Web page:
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Artist Studios: Homer, Wyeth and Langlais

On a map, the line outlining the harbors, beaches and cliffs of Maine’s coast is jagged, meandering and broken. The line connecting three of the artists most inspired by this coast—Winslow Homer, Andrew Wyeth and Bernard Langlais—is much more direct. But you’ll still need a map if you plan on visiting their studios.

Winslow Homer’s Prouts Neck Studio

Critics agree that the mostly self-taught Winslow Homer truly came into his own as a painter when he relocated permanently from New York City to Scarborough, Maine, around 1884. His studio in Prouts Neck was a converted carriage house perched only a few dozen feet from the rocky shore, with its enclosed second-story balcony offering panoramic views of the Atlantic. Homer lived and worked here in this small space until his death in 1910, drawing inspiration for notable works like Eight Bells and The Gulf Stream from his daily walks along the coast and its ever-changing weather. The studio was declared a National Historic Landmark in 1966. It was bought and renovated by the Portland Museum of Art in 2006. Guided tours are available.

Andrew Wyeth and the Olson House

Twenty years after Homer’s death, acclaimed illustrator N.C. Wyeth christened his family’s summer home in Port Clyde as “Eight Bells,” in honor of Homer’s painting. Like Homer, Wyeth built a small studio at the water’s edge, which he later shared with his son, Andrew, who would go on to become one of America’s most celebrated artists. Andrew Wyeth's early watercolor landscapes were greatly influenced by the work of Winslow Homer, but Wyeth’s best-known work is the 1948 painting Christina’s World. In it, Wyeth depicts his neighbor, Christina Olson, lying in a field looking up at a gray house on the horizon.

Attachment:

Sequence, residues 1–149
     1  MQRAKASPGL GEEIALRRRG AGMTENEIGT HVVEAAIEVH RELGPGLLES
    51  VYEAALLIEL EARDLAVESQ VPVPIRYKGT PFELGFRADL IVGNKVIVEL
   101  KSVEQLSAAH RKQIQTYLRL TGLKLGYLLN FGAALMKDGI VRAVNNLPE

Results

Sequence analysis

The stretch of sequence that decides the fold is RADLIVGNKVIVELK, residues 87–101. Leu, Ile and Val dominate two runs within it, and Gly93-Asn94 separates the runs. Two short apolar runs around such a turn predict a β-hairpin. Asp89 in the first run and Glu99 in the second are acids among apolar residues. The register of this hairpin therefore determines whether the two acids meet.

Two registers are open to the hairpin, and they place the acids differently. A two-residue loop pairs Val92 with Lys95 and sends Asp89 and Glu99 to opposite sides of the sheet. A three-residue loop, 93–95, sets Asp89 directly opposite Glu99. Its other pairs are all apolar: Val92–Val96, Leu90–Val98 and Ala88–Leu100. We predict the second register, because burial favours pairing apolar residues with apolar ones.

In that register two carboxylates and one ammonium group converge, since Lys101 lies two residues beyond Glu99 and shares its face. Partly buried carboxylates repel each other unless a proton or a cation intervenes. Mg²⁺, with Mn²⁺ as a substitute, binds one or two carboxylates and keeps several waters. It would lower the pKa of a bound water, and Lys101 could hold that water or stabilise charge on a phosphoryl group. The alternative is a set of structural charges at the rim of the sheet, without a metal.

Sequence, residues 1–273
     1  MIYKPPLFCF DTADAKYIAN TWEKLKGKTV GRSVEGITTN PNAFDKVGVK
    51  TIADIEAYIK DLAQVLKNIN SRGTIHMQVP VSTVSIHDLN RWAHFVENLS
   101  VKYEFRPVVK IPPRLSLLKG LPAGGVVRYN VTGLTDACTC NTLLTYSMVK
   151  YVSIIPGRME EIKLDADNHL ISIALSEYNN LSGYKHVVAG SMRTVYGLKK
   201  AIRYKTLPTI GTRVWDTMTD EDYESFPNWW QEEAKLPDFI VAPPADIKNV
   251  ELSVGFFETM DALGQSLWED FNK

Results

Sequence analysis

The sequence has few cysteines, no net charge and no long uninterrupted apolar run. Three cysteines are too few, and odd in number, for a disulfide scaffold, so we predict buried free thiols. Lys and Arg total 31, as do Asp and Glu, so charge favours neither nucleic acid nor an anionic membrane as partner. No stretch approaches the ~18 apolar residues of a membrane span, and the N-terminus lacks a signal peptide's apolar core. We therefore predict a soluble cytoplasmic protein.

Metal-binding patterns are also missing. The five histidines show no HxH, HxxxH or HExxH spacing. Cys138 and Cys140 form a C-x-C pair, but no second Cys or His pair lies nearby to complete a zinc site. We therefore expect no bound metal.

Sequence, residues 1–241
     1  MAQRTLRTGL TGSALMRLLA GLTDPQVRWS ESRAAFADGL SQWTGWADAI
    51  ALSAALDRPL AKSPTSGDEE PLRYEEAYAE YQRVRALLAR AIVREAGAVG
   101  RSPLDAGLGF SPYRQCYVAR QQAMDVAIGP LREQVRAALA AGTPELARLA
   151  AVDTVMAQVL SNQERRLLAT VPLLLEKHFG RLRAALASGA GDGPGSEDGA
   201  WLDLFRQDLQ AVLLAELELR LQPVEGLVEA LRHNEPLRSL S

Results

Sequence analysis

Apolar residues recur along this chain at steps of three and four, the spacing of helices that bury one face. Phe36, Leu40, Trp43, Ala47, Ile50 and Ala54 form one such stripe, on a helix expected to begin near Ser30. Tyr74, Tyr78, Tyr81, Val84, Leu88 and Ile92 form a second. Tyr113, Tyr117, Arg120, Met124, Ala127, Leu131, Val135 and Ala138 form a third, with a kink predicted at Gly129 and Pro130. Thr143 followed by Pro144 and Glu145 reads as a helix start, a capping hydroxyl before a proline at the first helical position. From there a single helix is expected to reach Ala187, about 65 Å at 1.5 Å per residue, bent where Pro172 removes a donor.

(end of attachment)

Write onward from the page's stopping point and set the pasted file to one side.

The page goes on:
Located in Cushing, Maine, the Olson House was a frequent subject of his work; he even used an upstairs room as a studio. According to Wyeth, “In the portraits of that house, the windows are eyes or pieces of the soul almost ... I just couldn't stay away from there. I did other pictures while I knew them but I'd always seem to gravitate back to the house ... It was Maine." The Eight Bells studio is no more, but the Olson House is now a National Historic Landmark owned by the Farnsworth Art Museum in Rockland, which regularly curates exhibits of Wyeth’s work, as well as work by his father and his son, contemporary painter James Wyeth.

The Langlais Sculpture Preserve and Studio

Also in Cushing is the Langlais Sculpture Preserve, a nature and sculpture preserve celebrating Bernard “Blackie” Langlais’ artistic legacy and the natural resources of the Cushing peninsula. Langlais was born in Old Town, Maine, and studied at the Skowhegan School of Painting and Sculpture, as well as the Corcoran School of Art and the Brooklyn Museum Art School. Like Winslow Homer, Langlais left New York City for the inspiration of Maine’s coast. He purchased the Cushing property in the mid-1960s, creating more than 65 monumental wood sculptures on the land. The preserve, owned and operated by the Georges River Land Trust, remains home to several of these, including the larger-than-life Local Girl (Christina Olson), his homage to Andrew Wyeth’s iconic painting.

More than 3,000 pieces of Langlais’ work are scattered throughout the state’s museums, libraries, parks and schools as part of the Langlais Art Trail. In addition to the preserve and studio, other notable stops include the Colby College Museum of Art, the “Skowhegan Indian” and, conveniently for visitors, the Portland airport, home of Langlais’ “Playing Bears.”

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